Uganda’s First Lady Mrs. Janet Museveni has asked youths to use ICT to fight HIV/Aids as well as harness technology to create business and entrepreneurial skills for development.
While closing the annual National Youth Conference this week, she called upon the youth to use all means available to influence their fellow peers to adopt risk-avoidance behavior and desist from engaging in practices that may predispose them to the risk of acquiring HIV/Aids.
“We should take lead and more responsibility in addressing these challenges at our levels through the available means of information dissemination like Facebook, Twitter, blogs, websites, radio stations, TV stations,” she said in a speech delivered on her behalf by the minister for presidency Frank Tumwebaze.
Mrs. Museveni emphasized that ICT continues to be a big solution to Uganda and to the entire world especially in the areas of unemployment, continued fight against HIV/Aids and security.
With 700 youths in attendance at the conference held at Uganda Manufactures Association (UMA) hall in Kampala, she promised to continue supporting efforts aimed at improving standard of living among young people in Uganda.
“I am very confident that you will implement what you learnt during this conference. I challenge you to use ICT to innovate and find solutions in agribusiness, health, tourism and other key sectors of our economy,” she said in her speech.
About 570 Ugandan girls and young women aged 15 to 24 get infected with HIV every week, according to the HIV/AIDS situation analysis by Uganda AIDS Commission.
The Uganda AIDS Commission Director General,Dr. Christine Ondoa, yesterday told MPs that girls in the university age group are at a high risk of contracting the killer virus.
,Ondoa, who was accompanied by Prof. Narathius Asingwire, a consultant for the National HIV/AIDS Strategic Plan, presented the National HIV/AIDS Strategic plan 2015/2020 to members of parliament on the HIV/AIDS committee.
Asingwire said: “Recent UNAIDS data shows that each week in Uganda, 570 young women aged between 15 and 24 years get infected with HIV. In Africa, Uganda is second to South Africa where 2,363 people get infected with HIV weekly, compared to 468 for Kenya,491, for Tanzania, 25 for Rwanda and 2 for Burundi.”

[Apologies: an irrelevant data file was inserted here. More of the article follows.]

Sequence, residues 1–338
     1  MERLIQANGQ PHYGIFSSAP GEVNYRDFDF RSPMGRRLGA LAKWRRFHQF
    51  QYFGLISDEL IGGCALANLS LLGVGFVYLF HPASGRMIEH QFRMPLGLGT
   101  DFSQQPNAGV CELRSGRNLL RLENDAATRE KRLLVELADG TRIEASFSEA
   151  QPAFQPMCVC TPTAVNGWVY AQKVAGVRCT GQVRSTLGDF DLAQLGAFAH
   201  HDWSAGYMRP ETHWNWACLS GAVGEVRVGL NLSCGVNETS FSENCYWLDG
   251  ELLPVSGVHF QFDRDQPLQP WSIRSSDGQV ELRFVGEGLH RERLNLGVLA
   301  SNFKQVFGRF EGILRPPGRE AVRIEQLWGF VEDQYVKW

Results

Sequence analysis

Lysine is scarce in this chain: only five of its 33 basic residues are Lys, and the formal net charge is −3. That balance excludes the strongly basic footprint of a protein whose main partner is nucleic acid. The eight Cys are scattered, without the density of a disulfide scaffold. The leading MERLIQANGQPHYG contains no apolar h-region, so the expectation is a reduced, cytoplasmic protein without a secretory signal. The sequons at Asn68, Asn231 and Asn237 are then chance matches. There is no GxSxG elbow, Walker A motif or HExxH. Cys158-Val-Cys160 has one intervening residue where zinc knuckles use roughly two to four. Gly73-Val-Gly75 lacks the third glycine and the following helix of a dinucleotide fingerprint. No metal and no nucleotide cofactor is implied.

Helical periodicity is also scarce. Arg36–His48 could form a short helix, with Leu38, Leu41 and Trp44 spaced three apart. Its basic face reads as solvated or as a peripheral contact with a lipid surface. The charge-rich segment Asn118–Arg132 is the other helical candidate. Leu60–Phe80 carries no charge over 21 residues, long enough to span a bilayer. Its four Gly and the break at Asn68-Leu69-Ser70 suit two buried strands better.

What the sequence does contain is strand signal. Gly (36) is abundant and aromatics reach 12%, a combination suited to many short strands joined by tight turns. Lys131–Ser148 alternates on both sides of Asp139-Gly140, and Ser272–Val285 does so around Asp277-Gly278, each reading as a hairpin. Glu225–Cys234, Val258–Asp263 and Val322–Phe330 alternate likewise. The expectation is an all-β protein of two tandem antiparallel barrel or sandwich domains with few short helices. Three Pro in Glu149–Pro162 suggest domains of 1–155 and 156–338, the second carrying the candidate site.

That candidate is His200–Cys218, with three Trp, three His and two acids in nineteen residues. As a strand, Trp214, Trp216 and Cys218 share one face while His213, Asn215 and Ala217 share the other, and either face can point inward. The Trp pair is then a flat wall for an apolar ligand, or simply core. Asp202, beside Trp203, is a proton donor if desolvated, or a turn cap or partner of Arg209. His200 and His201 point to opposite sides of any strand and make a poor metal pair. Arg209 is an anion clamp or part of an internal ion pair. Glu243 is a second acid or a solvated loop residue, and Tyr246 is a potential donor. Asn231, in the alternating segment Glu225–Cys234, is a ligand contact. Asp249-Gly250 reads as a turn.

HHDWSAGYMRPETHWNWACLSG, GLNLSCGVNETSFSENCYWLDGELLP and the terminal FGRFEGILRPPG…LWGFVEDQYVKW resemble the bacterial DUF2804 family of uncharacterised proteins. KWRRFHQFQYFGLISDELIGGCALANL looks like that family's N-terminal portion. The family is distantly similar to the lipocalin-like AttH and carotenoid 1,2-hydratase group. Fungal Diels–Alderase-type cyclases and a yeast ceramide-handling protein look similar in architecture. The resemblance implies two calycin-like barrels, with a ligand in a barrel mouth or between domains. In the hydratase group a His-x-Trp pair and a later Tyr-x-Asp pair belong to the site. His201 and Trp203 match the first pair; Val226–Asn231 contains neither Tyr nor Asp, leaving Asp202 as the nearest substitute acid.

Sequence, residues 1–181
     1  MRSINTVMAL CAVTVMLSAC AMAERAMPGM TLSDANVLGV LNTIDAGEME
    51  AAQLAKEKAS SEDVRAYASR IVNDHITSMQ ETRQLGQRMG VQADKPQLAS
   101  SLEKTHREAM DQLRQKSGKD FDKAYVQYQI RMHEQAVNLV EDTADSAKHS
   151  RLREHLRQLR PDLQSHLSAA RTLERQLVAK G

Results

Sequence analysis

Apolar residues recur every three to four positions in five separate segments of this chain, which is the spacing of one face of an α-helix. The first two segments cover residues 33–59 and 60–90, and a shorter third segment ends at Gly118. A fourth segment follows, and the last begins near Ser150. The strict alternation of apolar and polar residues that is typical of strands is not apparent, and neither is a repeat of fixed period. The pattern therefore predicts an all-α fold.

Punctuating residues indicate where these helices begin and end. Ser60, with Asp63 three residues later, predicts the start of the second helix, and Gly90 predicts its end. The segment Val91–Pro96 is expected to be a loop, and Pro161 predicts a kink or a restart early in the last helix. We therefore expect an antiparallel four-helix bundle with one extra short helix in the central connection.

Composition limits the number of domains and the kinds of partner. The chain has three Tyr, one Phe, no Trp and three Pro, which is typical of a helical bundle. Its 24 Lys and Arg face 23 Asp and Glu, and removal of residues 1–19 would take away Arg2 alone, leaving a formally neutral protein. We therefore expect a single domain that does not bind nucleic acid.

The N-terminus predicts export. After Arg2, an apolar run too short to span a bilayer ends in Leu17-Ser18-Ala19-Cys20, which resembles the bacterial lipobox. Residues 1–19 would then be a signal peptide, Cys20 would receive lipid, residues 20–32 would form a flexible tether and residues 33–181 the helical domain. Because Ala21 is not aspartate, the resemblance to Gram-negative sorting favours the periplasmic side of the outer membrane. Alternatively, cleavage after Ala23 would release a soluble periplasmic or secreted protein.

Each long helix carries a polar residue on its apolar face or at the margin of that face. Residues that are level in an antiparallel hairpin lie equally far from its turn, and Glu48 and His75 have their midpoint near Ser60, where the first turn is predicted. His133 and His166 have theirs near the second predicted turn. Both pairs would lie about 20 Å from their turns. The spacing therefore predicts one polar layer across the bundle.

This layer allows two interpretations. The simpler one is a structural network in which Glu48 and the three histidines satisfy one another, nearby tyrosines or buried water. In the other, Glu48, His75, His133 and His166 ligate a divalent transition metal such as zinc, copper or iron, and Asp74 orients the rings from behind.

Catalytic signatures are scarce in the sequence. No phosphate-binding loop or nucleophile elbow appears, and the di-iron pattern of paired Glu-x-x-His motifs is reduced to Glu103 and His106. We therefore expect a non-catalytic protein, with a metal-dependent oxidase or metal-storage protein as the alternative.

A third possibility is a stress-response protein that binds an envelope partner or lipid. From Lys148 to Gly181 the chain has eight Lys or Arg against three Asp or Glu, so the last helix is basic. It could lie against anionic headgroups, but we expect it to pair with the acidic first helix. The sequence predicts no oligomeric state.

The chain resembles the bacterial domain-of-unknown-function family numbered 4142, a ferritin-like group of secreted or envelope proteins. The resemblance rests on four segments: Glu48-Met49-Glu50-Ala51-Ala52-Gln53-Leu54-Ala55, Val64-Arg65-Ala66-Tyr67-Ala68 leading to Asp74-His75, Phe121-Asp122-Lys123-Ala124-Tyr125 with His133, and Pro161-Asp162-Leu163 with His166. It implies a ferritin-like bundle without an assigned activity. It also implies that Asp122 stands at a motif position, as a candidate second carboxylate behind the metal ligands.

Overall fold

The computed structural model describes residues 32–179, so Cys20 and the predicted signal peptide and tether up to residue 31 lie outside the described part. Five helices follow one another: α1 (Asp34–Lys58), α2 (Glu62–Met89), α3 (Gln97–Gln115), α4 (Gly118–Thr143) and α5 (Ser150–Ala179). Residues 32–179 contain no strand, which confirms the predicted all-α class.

The figure is just one of the many statistics that confirm that too many girls in this age group in Uganda are dangerously sexually active, most especially those aged 20-24 years.
The United States has assured Uganda of continued funding for HIV/AIDS research and treatment despite the recent storm over the passing of the controversial anti-homosexuality Act.
Dan Travis, the public affairs officer at the US embassy in Kampala, said Uganda has been allocated $323m (about sh805b) for this fiscal year 2014 under the US President's Emergency Plan for AIDS Relief (PEPFAR).
At least 60% is dedicated to treatment while 40% is earmarked to accelerate prevention projects like safe male medical circumcision and condom supply.
This means HIV funding from US has remained the same as last year. Consequently, the 507,000 HIV positive Ugandans who get free anti-retroviral (ARV) drugs from PEPFAR-supported agencies have no cause to worry.
“The key thing is not the money but the number of people who are supported so they can work, study and make a contribution to their families,” Travis observed.
He was addressing health reporters who underwent training in health reporting at the US embassy in Nsambya, a Kampala suburb on Thursday.